While you’re tuning in to the Main Event live stream and furiously hitting refresh on updates from the €10K High Roller, you might have noticed some other tables scattered around the room featuring some of the best players in the game.

They’re playing in (what’s commonly referred to by the high roller themselves as) the “Trip Saver”; one final €25K tournament which kicked off yesterday (Aug 31) and — with a speedy format and relatively small field — will come to an end today.

Why is it called the ‘Trip Saver’, you ask? Well, because it could potentially get one of the remaining high roller regulars in profit after what has been an action-packed (and no doubt expensive) grind here at Casino Barcelona.

This one got started at 7pm last night, giving everyone who had already busted the €10K High Roller one last shot at a big score (hence its nickname).

With unlimited re-entries registration remained open until the start of Day 2 today, and when those doors were closed we’d seen 60 total entries (including 19 re-entries). That created a prize pool of €1,440,600, which was to be split between the final eight players.

Trip Saver payouts

The problem is, when we started writing this article, there were still 11 left.

Those still in the hunt were Sam Greenwood, Charlie Carrel, Alex Foxen, David Peters, Daniel Dvoress, Danny Tang, Michael Soyza, Elio Fox, Orpen Kisacikoglu, Cary Katz, and Mikalai Vaskaboinikau.

The least we could do is follow along with the action until the bubble bursts, right?


THE (QUIETEST) BUBBLE

This tournament didn’t save anything for Daniel Dvoress.

A few orbits prior we saw Alex Foxen open the cutoff, Dvoress jam the button, and Michael Soyza isolated from the small blind. After Foxen folded, Dvoress showed pocket nines up against ace-queen, and flopped a nine to double.

Daniel Dvoress

An almost identical set up took place not long after. Foxen opened the cutoff again, Dvoress jammed on the button for 17 big blinds, and this time it was Cary Katz in the big blind who isolated for his entire 29-big-blind stack. Foxen folded once again, but there’d be no flip this time. Dvoress’ pocket threes were in bad shape against Katz’s pocket nines, and when another nine hit the felt, Dvoress said his goodbyes.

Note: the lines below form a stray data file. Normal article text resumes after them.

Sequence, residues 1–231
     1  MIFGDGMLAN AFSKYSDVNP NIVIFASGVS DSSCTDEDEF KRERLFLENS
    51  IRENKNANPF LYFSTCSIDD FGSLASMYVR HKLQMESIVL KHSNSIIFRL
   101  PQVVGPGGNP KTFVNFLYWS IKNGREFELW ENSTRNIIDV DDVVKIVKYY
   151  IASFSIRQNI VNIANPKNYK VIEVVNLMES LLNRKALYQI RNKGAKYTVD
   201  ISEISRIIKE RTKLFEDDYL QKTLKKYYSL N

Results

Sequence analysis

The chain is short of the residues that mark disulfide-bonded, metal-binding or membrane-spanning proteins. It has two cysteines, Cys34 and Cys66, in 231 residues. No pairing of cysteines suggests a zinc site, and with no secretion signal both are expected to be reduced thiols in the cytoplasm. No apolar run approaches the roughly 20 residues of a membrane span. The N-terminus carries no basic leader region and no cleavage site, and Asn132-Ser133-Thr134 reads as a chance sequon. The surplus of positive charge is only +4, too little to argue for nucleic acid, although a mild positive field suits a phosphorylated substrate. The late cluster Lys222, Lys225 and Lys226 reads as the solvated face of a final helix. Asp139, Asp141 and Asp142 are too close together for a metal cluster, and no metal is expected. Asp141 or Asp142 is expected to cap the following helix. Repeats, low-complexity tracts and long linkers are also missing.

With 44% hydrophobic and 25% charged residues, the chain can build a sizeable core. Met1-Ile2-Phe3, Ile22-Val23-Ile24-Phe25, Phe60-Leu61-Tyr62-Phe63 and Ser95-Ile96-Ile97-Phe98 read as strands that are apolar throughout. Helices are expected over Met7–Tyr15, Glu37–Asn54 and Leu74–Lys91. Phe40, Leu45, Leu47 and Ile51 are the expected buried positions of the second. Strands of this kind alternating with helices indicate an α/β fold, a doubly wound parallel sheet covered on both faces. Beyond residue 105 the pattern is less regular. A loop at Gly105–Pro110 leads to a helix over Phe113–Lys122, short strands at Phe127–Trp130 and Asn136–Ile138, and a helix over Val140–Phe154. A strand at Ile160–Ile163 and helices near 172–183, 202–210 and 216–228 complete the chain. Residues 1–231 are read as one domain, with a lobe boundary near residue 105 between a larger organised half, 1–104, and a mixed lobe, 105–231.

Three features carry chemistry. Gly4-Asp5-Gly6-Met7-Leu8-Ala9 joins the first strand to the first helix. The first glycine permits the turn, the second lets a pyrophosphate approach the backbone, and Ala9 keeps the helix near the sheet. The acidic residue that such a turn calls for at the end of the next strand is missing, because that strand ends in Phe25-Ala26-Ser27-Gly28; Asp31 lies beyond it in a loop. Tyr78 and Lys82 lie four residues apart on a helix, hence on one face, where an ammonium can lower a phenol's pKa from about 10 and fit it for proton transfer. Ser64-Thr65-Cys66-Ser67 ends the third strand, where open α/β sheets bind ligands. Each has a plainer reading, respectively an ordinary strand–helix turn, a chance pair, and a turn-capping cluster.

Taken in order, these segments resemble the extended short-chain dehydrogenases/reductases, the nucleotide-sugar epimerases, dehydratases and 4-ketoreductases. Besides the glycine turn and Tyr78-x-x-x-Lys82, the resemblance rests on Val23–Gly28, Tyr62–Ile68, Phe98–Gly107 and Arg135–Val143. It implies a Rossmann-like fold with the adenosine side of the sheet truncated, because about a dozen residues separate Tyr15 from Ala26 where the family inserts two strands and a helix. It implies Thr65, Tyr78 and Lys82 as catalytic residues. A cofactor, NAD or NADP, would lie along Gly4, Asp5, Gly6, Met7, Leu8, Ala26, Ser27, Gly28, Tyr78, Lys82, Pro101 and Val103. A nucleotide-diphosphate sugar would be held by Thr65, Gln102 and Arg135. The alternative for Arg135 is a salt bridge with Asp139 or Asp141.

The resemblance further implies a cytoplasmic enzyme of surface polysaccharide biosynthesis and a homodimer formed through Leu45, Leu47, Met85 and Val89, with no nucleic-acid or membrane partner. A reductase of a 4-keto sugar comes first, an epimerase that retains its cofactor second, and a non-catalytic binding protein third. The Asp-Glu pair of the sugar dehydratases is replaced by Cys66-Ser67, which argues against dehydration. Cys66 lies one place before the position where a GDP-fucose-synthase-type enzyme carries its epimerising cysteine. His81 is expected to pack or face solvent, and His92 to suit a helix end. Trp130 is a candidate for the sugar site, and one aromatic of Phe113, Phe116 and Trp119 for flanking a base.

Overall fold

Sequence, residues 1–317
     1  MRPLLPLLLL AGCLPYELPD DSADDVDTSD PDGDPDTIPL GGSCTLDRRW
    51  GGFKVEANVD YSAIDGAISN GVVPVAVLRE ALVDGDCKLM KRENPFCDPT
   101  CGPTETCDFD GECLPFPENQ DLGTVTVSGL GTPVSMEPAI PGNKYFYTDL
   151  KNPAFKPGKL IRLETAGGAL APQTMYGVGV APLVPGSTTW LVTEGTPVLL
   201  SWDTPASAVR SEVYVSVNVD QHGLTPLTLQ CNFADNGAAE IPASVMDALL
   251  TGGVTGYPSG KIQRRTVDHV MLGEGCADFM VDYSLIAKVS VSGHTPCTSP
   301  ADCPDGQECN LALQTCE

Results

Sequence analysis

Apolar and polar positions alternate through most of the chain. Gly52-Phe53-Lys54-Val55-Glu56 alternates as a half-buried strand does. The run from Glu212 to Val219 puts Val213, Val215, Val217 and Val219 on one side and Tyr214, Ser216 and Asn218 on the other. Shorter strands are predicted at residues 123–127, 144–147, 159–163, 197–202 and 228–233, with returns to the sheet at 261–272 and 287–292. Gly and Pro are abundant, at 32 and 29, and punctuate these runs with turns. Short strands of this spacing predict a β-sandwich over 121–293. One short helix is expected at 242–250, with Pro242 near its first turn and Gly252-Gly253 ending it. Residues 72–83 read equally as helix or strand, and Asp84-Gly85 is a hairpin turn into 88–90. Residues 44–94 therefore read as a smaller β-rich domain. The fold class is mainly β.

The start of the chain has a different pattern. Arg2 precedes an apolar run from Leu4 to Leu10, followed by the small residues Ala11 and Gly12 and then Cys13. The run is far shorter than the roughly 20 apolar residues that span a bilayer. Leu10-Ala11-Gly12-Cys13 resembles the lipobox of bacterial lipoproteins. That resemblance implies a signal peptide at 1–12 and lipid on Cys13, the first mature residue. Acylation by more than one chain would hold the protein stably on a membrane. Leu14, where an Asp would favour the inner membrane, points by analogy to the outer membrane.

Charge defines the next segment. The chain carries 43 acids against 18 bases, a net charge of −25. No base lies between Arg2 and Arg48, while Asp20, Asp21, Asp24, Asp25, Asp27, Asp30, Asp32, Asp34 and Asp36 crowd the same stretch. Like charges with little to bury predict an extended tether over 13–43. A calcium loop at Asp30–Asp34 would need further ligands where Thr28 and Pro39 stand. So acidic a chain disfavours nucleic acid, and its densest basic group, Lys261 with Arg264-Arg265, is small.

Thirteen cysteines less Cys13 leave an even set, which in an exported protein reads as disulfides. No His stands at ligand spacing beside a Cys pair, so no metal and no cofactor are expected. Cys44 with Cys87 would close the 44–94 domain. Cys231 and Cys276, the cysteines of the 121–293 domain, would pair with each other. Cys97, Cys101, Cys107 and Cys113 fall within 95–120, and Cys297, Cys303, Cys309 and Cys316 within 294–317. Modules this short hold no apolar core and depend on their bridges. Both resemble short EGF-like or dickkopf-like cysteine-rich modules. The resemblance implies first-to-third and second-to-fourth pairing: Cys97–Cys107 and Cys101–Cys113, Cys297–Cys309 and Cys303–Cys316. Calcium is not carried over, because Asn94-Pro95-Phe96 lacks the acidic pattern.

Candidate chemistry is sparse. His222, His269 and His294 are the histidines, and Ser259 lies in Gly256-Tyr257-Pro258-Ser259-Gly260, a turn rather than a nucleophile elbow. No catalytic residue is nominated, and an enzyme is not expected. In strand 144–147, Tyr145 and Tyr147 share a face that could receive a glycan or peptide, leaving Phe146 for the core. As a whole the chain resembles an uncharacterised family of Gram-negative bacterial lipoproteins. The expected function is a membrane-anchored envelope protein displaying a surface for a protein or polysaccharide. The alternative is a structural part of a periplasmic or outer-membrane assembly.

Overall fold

Kisacikoglu would be the next to fall, setting up both the final table of nine and the stone cold bubble.

Or did it?

Soyza bubbled…we think

No, as it turns out. Lost in the commotion, we then discovered Michael Soyza had also busted over on the other table, meaning all of the remaining eight sailed straight into the money, locking up €57,620. Here’s a look at how they stacked up:

1.Alex Foxen – 160,000
2.Danny Tang – 360,000
3.Charlie Carrel – 430,000
4.Sam Greenwood – 530,000
5.David Peters – 180,000
6.Elio Fox – 365,000
7.Mikalai Vaskaboinikau – 220,000
8.Cary Katz – 570,000

David Peters was then the first to leave with a payday. He shoved over a Cary Katz open with pocket nines from the small blind, only for Katz to snap call with pocket aces, which held.

Peters kicked out by Katz

That leaves us with seven.

And that’s also where we’re going to leave things, for now.

Head over to our EPT Barcelona results page later this evening to find out who will potentially save their trip with a €432K win.

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